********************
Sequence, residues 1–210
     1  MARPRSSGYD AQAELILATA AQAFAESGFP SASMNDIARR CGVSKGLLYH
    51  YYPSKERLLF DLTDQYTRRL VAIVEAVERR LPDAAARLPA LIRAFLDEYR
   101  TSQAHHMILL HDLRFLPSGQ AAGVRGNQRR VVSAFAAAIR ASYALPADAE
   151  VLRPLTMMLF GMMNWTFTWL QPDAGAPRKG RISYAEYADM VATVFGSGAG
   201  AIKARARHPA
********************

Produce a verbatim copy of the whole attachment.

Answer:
Sequence, residues 1–210
     1  MARPRSSGYD AQAELILATA AQAFAESGFP SASMNDIARR CGVSKGLLYH
    51  YYPSKERLLF DLTDQYTRRL VAIVEAVERR LPDAAARLPA LIRAFLDEYR
   101  TSQAHHMILL HDLRFLPSGQ AAGVRGNQRR VVSAFAAAIR ASYALPADAE
   151  VLRPLTMMLF GMMNWTFTWL QPDAGAPRKG RISYAEYADM VATVFGSGAG
   201  AIKARARHPA